1. Exclusion probability (PE) – The probability that an unrelated person will be excluded as the MP. In other words, given that H2 is true, how likely is it to observe genetic inconsistencies.
  2. Exceedance probability (Et) – The probability that the LR will exceed a certain threshold. In other words, given that H1 is true, how likely is it to exceed a threshold t.

To find these statistics we use conditional simulations. In contrast to unconditional simulations, conditional simulations use the genotype data from typed family members to find the LR distributions. Generally, the former provides an idea of the power for any family with the given relatives and number of markers, whereas the latter provides an idea of the power to identify for each unique family.

We provide an implementation in the latest version of the freely available software Familias available at http://www.familias.no, making use of the R library paramlink.

The conditional procedure is highly computer intensive due to the many likelihood computations necessary. To overcome this, we provided an implementation in the latest version Familias [2, 3], making use of the R library paramlink [4].  The R-package paramlink implements several speedups, combining different simulation strategies in order to minimize the number of likelihood computations. These strategies include computing joint genotype distributions for selected individuals and gene dropping where this is possible.

We performed conditional simulations on all unsolved cases – in total 171 – in our selection of 196 reference families from the BNDG database.


Key Collaborators


  • Daniel Kling  : Department of Forensic Services, Oslo University Hospital Oslo, Norway
  • Thore Egeland : IKBM, Norwegian University of Life Sciences, Ås, Norway
  • Magnus Dehli Vigeland : Department of Medical Genetics, Oslo University Hospital, Oslo, Norway




We got the exclusion probability PE and the estimated exceedance probability E10000 = P(LR>10,000 | H1) for each family. As expected, cases with a high exclusion probability also tend to have a high exceedance probability, as both statistics increase with the amount of genetic data available.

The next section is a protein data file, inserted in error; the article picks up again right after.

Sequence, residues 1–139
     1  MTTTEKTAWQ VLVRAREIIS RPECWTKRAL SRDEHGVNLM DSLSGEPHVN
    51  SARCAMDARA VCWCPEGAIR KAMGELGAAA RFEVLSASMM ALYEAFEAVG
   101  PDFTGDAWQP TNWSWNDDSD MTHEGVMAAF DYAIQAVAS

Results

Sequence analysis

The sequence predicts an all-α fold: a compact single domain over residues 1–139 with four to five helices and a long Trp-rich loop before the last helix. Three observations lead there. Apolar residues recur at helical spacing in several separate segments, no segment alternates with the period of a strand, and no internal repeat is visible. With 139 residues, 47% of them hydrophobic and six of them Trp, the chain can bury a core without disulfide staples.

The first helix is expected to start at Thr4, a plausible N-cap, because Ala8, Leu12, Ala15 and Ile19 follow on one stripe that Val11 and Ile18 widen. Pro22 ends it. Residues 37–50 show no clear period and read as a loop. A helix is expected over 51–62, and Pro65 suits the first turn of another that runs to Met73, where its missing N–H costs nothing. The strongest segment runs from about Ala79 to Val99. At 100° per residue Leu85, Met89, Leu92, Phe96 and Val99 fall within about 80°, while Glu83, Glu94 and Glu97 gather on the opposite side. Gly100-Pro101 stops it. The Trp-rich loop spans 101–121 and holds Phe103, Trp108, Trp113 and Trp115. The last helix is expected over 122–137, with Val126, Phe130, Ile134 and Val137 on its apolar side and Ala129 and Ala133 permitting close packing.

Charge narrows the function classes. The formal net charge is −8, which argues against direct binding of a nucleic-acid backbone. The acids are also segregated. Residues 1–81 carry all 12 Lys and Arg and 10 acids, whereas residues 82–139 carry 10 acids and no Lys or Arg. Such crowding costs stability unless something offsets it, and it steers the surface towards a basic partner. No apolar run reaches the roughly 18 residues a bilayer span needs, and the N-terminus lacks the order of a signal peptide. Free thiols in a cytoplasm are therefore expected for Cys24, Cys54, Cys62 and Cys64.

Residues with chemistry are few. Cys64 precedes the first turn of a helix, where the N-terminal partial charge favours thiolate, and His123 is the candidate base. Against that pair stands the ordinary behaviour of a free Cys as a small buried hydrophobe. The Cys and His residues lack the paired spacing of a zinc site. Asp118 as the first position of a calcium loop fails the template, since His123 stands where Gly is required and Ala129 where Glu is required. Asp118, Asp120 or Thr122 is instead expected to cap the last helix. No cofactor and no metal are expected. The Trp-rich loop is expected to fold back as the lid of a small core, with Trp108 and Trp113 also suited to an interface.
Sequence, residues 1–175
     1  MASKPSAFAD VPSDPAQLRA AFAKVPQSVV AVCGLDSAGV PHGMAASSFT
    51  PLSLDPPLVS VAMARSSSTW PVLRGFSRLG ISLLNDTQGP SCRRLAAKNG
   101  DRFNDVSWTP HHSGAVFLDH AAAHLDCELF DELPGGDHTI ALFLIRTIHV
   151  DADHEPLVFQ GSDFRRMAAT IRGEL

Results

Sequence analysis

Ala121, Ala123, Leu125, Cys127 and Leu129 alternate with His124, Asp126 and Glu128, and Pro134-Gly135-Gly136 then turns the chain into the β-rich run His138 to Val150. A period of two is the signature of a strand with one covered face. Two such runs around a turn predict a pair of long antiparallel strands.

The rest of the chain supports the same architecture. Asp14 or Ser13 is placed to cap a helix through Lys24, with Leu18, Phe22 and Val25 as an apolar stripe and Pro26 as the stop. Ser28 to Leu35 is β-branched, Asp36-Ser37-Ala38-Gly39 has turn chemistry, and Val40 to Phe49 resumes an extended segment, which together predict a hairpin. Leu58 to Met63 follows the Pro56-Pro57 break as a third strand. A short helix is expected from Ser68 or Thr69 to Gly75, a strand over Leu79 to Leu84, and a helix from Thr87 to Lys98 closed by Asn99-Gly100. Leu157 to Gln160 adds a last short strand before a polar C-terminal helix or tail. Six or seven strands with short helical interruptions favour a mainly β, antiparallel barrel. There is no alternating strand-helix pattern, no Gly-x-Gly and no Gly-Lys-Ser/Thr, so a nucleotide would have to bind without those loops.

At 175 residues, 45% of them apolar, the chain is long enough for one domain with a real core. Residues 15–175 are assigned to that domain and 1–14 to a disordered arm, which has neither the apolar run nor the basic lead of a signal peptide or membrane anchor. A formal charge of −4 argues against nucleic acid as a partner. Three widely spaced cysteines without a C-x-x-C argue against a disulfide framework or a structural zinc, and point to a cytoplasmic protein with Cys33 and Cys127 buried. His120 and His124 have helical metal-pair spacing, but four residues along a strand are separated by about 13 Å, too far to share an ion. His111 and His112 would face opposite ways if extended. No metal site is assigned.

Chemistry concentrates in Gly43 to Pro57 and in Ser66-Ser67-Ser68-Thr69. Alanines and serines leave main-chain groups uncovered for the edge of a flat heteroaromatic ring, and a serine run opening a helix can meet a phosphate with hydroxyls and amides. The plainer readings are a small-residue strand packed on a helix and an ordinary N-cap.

In total, 58 families (one third of those investigated) have E10000 < 0.8, indicating low power and the necessity for additional genetic data. In contrast, 68 families have both E10000 and PE greater than 0.99, indicating excellent statistical power both for positive matching and exclusion. Included among these are all cases where parental data is available, except one case where few markers were typed. The remaining 45 families have decent power for positive identification, with 0.8 < E10000 < 0.99. Most of these also have high PE, with a few exceptions where the particular configuration of typed relatives make exclusion theoretically impossible.

A majority of the BNDG reference families lack first-degree relatives of the missing person. For example, parental data was available in only 35 of the 196 families included in this study. This makes accurate power assessment an essential tool when recruiting family members.

This work caught the attention of many professionals that work in Disaster Victim Identification who are interested in creating reference family databases and insuring the genetic data is enough to make a positive identification in these kind of searches.

This work will also set the basis for applying criteria for the decision of analyzing maternal and paternal lineages in those families that the exclusion probability and the exceedance probability are low.

We are currently completing the reference families with more relatives. Many of them have to be exhumed because they passed away before giving a sample to the Bank. We are also increasing the number of autosomal markers analyzed, and comparing the current simulations with the upcoming results. We have started to run conditional simulations as a routine in each new family group that arrives to our Databank.